I remember the first time I heard a dub of a dub of a Daniel Johnston cassette. I was working at Film Arts Foundation and walked into the equipment rental room as organ music droned over the makeshift sound system. All of the sudden, a desperate man screamed, "Satan! Satan!" It was the sound of real fear. Everyone in the room stopped what they were doing. For a moment the casual air was sliced through with an otherworldly desperation that not even the most jaded young hipster could ignore. It made the hair on the back of my neck bristle. Listening to that Daniel Johnston tape was like eavesdropping on the life of a man pursued.
The Devil and Daniel Johnston tells the story of artist-musician Johnston's struggle with his own genius. It is a swirl of images culled from decades of the man's prodigious output. It seems that art lives inside Johnston and is rushing to escape his body. He is like an electrical appliance plugged into too much voltage, overheating and blowing circuits, worse for the wear.
A mad rush of creativity, the film is a frenetic collage of drawings and songs, home movies and cassette-taped ramblings. A vivid portrait of the almost-outsider artist (whose music has been an in-crowd mainstay for decades), the film tracks Johnston's creative life from junior high to the present, chronicling his rise as a cult phenomenon and his equally dramatic bouts with manic-depressive psychosis. It mirrors its subject in texture and feeling, the tone swinging maniacally from joy and elation to deep fear and depression.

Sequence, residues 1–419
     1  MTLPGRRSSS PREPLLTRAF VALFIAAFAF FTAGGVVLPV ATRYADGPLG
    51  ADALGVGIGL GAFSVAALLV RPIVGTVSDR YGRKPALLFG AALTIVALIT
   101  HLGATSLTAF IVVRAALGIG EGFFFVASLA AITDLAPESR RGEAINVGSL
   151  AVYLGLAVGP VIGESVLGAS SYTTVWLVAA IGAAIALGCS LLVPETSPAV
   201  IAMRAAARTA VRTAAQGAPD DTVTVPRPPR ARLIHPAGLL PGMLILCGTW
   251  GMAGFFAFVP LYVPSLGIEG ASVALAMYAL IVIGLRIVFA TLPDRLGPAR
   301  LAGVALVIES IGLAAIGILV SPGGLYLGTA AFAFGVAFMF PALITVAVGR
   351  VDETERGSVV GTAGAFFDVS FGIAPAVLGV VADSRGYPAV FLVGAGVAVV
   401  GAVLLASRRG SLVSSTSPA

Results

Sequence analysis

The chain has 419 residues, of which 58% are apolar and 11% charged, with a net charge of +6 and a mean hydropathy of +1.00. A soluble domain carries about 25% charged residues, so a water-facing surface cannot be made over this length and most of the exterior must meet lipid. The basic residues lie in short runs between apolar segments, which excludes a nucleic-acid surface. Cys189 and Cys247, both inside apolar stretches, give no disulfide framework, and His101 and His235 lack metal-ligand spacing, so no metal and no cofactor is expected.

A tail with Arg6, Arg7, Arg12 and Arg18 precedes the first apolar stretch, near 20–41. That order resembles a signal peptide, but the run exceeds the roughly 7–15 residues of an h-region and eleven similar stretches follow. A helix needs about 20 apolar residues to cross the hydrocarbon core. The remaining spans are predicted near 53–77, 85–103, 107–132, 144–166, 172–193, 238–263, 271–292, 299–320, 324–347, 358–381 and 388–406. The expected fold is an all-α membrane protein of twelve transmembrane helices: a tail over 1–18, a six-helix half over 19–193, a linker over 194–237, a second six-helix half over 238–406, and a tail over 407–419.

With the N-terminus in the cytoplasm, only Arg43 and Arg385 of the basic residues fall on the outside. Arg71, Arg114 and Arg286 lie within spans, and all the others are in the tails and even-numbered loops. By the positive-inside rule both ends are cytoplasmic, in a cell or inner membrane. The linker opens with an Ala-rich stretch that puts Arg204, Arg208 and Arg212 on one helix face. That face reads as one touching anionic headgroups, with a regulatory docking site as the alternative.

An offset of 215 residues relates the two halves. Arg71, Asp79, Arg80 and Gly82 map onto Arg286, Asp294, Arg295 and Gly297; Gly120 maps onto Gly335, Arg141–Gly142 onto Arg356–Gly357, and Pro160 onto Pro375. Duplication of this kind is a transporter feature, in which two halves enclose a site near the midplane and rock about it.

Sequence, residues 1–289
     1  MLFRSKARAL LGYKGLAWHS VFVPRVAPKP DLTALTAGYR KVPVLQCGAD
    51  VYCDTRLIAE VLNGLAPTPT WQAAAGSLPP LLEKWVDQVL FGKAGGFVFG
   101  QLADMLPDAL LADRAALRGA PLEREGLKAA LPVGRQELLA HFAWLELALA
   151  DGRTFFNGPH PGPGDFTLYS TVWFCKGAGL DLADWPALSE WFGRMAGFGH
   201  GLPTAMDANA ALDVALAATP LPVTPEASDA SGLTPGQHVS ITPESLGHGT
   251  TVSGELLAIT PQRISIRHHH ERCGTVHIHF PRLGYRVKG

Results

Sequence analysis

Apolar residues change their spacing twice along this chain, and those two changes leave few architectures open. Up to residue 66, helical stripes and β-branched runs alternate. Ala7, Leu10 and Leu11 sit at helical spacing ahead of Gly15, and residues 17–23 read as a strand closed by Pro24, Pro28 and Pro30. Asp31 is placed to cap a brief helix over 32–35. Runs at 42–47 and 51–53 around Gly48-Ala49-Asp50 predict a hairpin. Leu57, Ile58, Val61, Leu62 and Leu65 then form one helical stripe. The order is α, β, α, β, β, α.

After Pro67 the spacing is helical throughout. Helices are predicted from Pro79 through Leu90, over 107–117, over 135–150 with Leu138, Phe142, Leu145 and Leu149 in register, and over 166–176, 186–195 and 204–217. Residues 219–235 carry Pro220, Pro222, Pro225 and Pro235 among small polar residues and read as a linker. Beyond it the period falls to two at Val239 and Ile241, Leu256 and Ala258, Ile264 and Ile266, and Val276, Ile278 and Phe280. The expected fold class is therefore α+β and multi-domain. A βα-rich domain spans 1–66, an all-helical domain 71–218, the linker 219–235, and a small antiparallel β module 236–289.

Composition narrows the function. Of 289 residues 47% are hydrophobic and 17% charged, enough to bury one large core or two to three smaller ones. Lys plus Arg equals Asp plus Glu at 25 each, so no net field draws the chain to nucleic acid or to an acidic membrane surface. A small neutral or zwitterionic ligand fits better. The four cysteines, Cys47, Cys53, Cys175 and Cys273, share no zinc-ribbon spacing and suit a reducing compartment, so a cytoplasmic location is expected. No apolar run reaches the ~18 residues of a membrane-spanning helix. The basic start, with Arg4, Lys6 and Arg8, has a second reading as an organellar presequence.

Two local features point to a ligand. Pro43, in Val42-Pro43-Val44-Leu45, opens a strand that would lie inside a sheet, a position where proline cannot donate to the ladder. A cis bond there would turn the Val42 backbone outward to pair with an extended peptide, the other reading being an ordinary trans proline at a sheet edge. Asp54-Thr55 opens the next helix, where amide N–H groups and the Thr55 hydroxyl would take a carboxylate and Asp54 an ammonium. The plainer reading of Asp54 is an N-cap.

Early on, Daniel struggles with his family. His creative output is so voluminous, so manic that it disturbs the peace and crowds his family out of their own suburban home. Daniel is passed from family member to family member as his parents and siblings try to cope with his fragile mental state. Living in his brother's garage in Texas, Johnston acquires two cassette tape recorders, a microphone and a keyboard and begins producing the tapes that will make him a legend, Hi, How Are You?, Yip/Jump Music and Some Songs of Pain among them.
In the mid-1980s, Johnston ends up in Austin, TX (after running away with a traveling carnival and sustaining a head injury), just as the music scene is taking off. He proceeds to ingratiate himself with the locals, handing out homemade copies of his cassettes. Somehow, he ends up performing on MTV's The Cutting Edge and turns in one of that show's most memorable performances. In 1986, Johnston is named Austin's Songwriter of the Year and Best Folk Act. Of course, the high points are followed by very dark lows. Johnston spends his life in and out of trouble, in and out of mental hospitals, pursued by Satan and pulled too often into his own personal hallucination of hell.
Kathy McCarty, who met Daniel right after he arrived in Austin and gave him his first gig opening for her band Glass Eye, says, "In Daniel's life, everywhere he's gone, he leaves this incredible wake behind of creation and destruction. He's done all kinds of things, both bad and good, but they're all mythic. They're all barely believable, yet they're all true. And the kinds of things he's done in his career are the kinds of things that someone would only do if they were so self-sabotaging that it was completely mystifying. But in terms of creating a legend, he's done everything right."
Daniel Johnston has recorded miles of tape, both talking and singing, and created thousands of cartoon drawings. The filmmaker uses these materials to piece together a film that feels like a self-portrait of a man whose head has broken open, but whose heart remains pure.
The Devil and Daniel Johnston opens April 7, 2006.